At the bottom of this otherwise good article is a little circle with the label “604 Kudos” next to it (the number will be different by the time you see it):
If you move your mouse pointer into that circle, without clicking, the circle reacts and the text changes for a second or so to “Don’t move”… then a moment later the picture is a little heart and the kudo count has been incremented by one. You’ve apparently kudo’d this article even though you didn’t click!
Look ma, no click!
WTF? That’s so obviously wrong that I am at a loss to explain how any web designer could possibly have thought it was okay. If there is one user interface contract every user knows, it’s that “If you didn’t click, you didn’t do it”. Even without that bizarre “Don’t move” imperative, it would have been a bad idea; with the imperative, it’s an intentional bad idea. What are we going to see next? Click-through EULAs that don’t actually wait for you to click, but claim your agreement because you hovered your mouse pointer in the wrong place?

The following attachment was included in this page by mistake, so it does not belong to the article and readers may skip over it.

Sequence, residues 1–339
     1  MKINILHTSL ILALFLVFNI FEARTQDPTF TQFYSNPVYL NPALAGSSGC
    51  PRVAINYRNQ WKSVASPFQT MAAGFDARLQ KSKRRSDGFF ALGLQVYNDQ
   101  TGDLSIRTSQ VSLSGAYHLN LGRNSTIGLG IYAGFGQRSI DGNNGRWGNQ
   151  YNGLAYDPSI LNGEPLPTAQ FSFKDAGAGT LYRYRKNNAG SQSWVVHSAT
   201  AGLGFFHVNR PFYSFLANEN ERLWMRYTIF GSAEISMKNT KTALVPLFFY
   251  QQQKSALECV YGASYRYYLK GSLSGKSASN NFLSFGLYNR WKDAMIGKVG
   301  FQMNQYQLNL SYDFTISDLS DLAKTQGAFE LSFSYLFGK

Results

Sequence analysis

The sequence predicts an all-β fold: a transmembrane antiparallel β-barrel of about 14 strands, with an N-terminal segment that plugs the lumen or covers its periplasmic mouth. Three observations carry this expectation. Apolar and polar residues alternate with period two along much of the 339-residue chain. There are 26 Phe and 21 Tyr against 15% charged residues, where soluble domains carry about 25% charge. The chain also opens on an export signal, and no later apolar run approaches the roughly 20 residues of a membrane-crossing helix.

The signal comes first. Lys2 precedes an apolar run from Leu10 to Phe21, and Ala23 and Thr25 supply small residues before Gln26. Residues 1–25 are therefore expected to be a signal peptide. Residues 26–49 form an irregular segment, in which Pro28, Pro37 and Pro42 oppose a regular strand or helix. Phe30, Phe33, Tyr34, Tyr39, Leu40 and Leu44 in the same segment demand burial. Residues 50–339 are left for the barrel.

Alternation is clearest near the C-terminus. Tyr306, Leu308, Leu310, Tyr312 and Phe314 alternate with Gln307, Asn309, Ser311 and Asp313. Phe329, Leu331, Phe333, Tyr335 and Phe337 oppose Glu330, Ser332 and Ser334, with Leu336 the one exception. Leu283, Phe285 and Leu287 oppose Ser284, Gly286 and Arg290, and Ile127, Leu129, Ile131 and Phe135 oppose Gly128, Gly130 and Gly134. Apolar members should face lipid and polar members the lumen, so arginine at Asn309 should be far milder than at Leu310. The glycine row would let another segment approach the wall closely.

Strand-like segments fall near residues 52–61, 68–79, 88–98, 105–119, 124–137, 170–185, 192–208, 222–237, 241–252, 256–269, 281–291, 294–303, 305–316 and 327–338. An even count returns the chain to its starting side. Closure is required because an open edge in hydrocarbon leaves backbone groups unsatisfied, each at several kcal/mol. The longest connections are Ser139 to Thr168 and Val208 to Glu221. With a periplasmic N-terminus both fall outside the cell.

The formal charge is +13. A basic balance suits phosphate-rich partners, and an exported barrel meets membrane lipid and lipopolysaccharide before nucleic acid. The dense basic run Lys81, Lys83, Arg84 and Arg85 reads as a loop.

This isn’t just a dark road. It’s a dark and silly road. Designers, resist please.
Update 2013-10-14: In the ultimate irony, someone whose blog uses this interface did a post about an Apple iPod UI Dark Pattern. I tweeted:
Post on iPod UI Dark Pattern http://blog.sefsar.com/the-ipods-dark-ui-pattern itself uses Kudo button dark pattern (as per http://www.rants.org/2013/03/15/wtf_new_ui_clicks_for_you/).